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Erik Moberg ©:

  

8. THE ASYLUM SEEKERS FROM IRAN

 

Iran has a population of 81.6 million (Table 2 above). In this population 99.4 % are Muslims (Table 3 above), and among these Muslims some 90-95 % are Shiites. Iran is in fact the dominating Shiite country in the world. Now, considering the asylum seekers it could first noted that as a percentage of the population they are quite few, only 0.2 % (Table 2). But even if they are few in that sense their distribution over time fluctuates considerably as shown in diagram 7. There is a great increase in 2015 and similarly in 2016. And then an equally considerable decrease in 2017. So it seems quite natural to ask for the reason for this pattern? Did there, for instance, happen anything particularly harmful in 2015 which triggered the expansion in that year? 

 

Diagram 7: Asylum seekers in the EU/EFTA from Iran

 

 

 

Well, no, and in fact rather the opposite. But in order give a more complete picture of all of this we have to go back in history. Thus, as we remember, the Iranian revolution occurred in 1979, a revolution in which the Shah was overthrown and the ayatollahs took power. Or, in other words, the former secular state became a Muslim state, in this case a Shiite one.

 

Then, in due course, this new Iranian regime started an atomic energy program including, among others, uranium enrichment with centrifuges. Many countries in the surrounding world interpreted this as the start of a program for producing atomic bombs, and the reaction was trade embargos against Iran and freezing of Iranian assets. There were several sanctions of this kind, some ones taken within the United Nations and other ones taken by individual nations, in particular the United States. All of this hit Iran with its great dependence on oil exports most severely.

 

And so we can turn to 2015. In that year the negotiations between Iran on the one hand, and the sanctioning states on the other, started by the US president Barack Obama, were most strikingly brought forward and almost concluded. The final deal came in January 2016. The sanctions were lifted and Iran agreed to stop important parts of its atomic energy activities. This, as foreseen by the Iranian population already in 2015, was utterly important for the Iranian economy and for the welfare of the people. Thus we have reached the conclusion that nothing harmful occurred in 2015 and 2016 but rather the opposite. In those years things became much better in Iran, not worse.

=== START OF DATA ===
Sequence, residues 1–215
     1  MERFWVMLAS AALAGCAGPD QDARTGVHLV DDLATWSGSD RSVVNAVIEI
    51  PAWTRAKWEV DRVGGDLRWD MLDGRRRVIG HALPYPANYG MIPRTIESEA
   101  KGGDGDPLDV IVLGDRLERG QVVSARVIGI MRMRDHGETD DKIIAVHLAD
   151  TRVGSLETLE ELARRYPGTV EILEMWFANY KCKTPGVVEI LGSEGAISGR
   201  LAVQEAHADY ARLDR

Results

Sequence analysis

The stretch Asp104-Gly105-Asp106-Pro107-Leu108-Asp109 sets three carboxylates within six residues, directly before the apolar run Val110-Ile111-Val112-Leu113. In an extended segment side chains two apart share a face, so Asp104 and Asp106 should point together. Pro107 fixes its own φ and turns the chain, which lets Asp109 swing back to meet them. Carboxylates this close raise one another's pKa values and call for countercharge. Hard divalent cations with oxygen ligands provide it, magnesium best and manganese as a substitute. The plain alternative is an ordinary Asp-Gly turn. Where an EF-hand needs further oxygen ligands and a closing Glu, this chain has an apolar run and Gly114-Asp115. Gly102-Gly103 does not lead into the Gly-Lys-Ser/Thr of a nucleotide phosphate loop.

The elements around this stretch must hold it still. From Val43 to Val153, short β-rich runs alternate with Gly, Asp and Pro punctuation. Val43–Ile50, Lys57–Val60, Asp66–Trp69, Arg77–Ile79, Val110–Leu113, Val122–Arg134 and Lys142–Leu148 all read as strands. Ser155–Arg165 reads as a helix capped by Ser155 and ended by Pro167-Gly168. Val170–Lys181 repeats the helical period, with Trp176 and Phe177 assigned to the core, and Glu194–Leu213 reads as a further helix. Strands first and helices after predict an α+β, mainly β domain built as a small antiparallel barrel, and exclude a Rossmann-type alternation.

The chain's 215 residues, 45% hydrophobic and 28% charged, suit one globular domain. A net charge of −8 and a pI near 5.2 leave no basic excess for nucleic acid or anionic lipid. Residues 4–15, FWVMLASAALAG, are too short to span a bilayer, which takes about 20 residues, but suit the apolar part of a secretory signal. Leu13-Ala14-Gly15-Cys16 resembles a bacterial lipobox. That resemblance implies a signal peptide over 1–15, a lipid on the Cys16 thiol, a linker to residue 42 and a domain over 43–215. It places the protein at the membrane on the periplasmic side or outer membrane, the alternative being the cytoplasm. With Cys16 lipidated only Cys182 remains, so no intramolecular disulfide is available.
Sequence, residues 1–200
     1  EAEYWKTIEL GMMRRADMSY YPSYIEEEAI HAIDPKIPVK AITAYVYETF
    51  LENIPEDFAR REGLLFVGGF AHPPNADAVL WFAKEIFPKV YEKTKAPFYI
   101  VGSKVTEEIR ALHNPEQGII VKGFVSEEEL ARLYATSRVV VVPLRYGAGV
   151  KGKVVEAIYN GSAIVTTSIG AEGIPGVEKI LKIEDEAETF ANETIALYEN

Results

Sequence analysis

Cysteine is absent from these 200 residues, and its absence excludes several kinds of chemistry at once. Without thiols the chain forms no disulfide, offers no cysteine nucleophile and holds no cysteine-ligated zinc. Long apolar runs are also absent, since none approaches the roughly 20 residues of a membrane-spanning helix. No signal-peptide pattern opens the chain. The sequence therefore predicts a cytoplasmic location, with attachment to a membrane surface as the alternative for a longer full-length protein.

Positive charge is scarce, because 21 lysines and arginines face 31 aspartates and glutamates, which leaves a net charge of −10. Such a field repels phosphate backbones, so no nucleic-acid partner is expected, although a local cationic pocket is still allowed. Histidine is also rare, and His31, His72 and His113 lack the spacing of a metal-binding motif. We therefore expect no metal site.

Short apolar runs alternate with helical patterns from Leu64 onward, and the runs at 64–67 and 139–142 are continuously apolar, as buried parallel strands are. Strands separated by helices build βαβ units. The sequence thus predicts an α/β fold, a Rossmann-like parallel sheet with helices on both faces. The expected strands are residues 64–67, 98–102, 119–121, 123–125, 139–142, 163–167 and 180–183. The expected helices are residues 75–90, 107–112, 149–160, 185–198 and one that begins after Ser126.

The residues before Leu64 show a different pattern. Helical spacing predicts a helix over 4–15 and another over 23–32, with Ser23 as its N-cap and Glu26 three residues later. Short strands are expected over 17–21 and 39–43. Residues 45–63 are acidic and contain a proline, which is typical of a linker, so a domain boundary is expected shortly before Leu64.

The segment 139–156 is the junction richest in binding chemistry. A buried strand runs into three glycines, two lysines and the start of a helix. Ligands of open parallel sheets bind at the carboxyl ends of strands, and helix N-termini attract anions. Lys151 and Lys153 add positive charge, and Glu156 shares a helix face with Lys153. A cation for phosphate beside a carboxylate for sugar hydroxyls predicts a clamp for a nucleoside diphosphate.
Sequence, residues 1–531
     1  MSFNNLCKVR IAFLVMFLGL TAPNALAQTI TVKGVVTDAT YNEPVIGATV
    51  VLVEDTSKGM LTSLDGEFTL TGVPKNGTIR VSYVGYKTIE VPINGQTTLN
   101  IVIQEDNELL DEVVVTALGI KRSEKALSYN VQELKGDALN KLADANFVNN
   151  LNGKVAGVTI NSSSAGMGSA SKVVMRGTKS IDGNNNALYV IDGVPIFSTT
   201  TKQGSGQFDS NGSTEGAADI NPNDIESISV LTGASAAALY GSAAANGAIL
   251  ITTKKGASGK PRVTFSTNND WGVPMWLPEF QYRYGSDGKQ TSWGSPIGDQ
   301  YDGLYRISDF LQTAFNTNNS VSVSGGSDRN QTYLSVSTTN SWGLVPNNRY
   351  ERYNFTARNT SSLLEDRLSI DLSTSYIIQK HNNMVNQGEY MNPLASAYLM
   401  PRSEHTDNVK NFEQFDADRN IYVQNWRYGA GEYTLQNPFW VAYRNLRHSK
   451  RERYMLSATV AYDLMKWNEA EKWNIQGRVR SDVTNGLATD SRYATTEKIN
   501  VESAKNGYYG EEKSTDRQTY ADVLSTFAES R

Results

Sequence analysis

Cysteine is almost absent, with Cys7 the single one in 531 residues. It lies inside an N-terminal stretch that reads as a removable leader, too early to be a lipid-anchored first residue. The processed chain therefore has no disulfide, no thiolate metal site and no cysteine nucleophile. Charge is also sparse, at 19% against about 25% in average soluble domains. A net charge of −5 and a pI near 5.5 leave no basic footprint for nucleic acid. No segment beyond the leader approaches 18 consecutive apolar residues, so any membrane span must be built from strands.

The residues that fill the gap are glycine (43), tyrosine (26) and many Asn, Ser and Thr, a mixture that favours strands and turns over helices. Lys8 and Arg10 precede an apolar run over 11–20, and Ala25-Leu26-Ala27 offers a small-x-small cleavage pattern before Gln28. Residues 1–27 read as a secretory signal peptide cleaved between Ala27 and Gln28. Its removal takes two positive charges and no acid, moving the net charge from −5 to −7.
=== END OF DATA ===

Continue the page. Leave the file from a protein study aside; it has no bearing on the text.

And this means that the reason the sudden migration has to be something else than worsening conditions of some kind. About this I can only speculate but when doing so the similarity between migration curves of Iran, on the one hand, and those for Afghanistan and Iraq on the other, is striking. In all of these three curves there are sharp increases in 2015 and 2016. The one relevant for Iran seems to Afghanistan’s. Here one may guess about some kind of contamination of influence. I have not found any data about the way taken by the asylum seekers in EU/EFTA from Afghanistan, but it seems most likely that they have had to pass through Iran–Afghanistan is, we remember, a landlocked country. And if so many Iranians may just have been stimulated, or contaminated, to behave similarly, or they may have been offered migration possibilities by those, if any, arranging the migration from Afghanistan for gaining profits. All of this is compatible with the fact that many Iranians, in particular young ones, have long felt life in their own country unpleasant.

 

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